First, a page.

Federal grant to expand Colorado school, family engagement

When Luis Murillo began leading parenting academies as director at the center, he prepared presentations on how school boards work and where school funding comes from – things he thinks parents should know.

He quickly realized that parents were looking for something different. They wanted to know how to deal with the bullying and racism their children experienced at school, how to know if their children are on their way to graduation, and even how to check grades online.

The parenting academies that Assistant Superintendent Murillo is now conducting in the Alamosa school district in English and Spanish teach parents how to navigate the school system, know their rights, and understand the extensive data that schools collect.

“There’s a disconnect between part of our community and the school district,” Murillo said. “We want to create a more connected community and when we get there we will see better outcomes for students. By that I don’t just mean academic achievement, although that’s part of it. It’s about transparency. It’s about trust. It’s also about getting off our pedestals.”

This is the kind of family commitment Colorado education leaders are hoping to spread statewide with the help of a new $4.7 million federal grant. Parental engagement is key to addressing some of students’ most pressing issues, from reading difficulties in the early grades to poor high school performance.

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Colorado was one of eight states to receive funding from the US Department of Education this fall. The National Center for Families Learning will lead work to create a Colorado Statewide Family Engagement Center. Local partners include the Colorado Department of Education, the Colorado Education Initiative, the Colorado Statewide Parent Coalition, and the Black Parent Network.

The five-year grant will support the establishment of a statewide advisory committee, with at least half of the members being parents and half carers. Among other things, the work of this group will examine how school districts engage families and develop meaningful ways for parents to influence policy and school governance. The statewide effort will also strengthen family literacy programs and provide training for parents on how to work productively with school boards.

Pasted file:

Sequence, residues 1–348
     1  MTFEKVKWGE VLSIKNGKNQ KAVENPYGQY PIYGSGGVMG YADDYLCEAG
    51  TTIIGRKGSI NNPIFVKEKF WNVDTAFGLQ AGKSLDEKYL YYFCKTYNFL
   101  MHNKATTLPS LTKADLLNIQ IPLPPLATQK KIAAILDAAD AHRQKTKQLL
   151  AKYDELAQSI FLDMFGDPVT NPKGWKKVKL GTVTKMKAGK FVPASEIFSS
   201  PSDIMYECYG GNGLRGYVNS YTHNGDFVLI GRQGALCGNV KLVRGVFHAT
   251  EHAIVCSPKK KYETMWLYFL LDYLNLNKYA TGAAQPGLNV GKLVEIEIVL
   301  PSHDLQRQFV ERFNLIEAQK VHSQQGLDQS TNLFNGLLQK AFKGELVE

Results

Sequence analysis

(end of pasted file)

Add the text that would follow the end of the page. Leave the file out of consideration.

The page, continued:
In addition, the money will support the creation of regional training and information centers and expand work already underway in five school districts that can serve as learning labs for others. These districts are Denver Public Schools, Greeley-Evans District 6, Alamosa School District, Pueblo City Schools, and Mesa County Valley District 51.

“Each of these districts already has a track record of success and investment in family and community partnerships, and this is an opportunity to build on and learn from what they have done to date,” said Samantha Olson, vice president of strategy at the Colorado Education Initiative.

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Schools haven’t always felt like warm and welcoming places for the community, Murillo said. COVID restrictions and school safety measures have erected new barriers in recent years where schools need parents more than ever.

Alamosa’s efforts to engage parents include revamping its website and Facebook page to make them more user-friendly. It’s the first place many parents look for information and sets the tone for other communications, Murillo said. The district is also planning further newsletters and videos. Reaching parents means communicating in English, Spanish and Q’anjob’al Mayan.

With the grant, Alamosa plans to establish a parent liaison at each school and expand a relatively new home visiting program. He wants parents to know that educators have the same dreams for their children as parents.

Joyce Brooks, a retired teacher and longtime education activist in Denver, said parental engagement has too often seemed like “checking a box” — sending out a poll or having a meeting, but not actually listening. That’s especially true when it comes to black parents, she said.

“I’ve heard parents say they were treated like they didn’t mind if they made suggestions, that they didn’t know what they were talking about. The way their school’s front office treats them and doesn’t get all the information they need,” she said.

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Brooks helped found Black Parent Network as a resource for parents to ask questions and learn in an environment where they know they will be respected. The founding members were motivated in part by a desire to fill stubborn academic gaps and in part by a feeling that these statistics paint too bleak a picture of black student abilities, Brooks said.

The group has created parenting toolkits to help with everything from sourcing special education services to incorporating Black history and culture into lesson plans. Members also analyze Denver schools’ Black Excellence plans. The plans are designed to engage educators to improve outcomes and opportunities for black students in Denver schools.

Brooks said the plans are a great idea that she would like to see replicated in other school districts, but the plans themselves fell short. Brooks said bringing parents around the table would create much more meaningful plans.

Participation in the grant will give Black parents a powerful voice in improving family engagement and education statewide, Brooks said, and will also allow the network’s efforts to expand beyond some school districts.

​​Bureau Chief Erica Meltzer oversees education policy and policy and oversees Chalkbeat Colorado’s education reporting. Contact Erika at [email protected].

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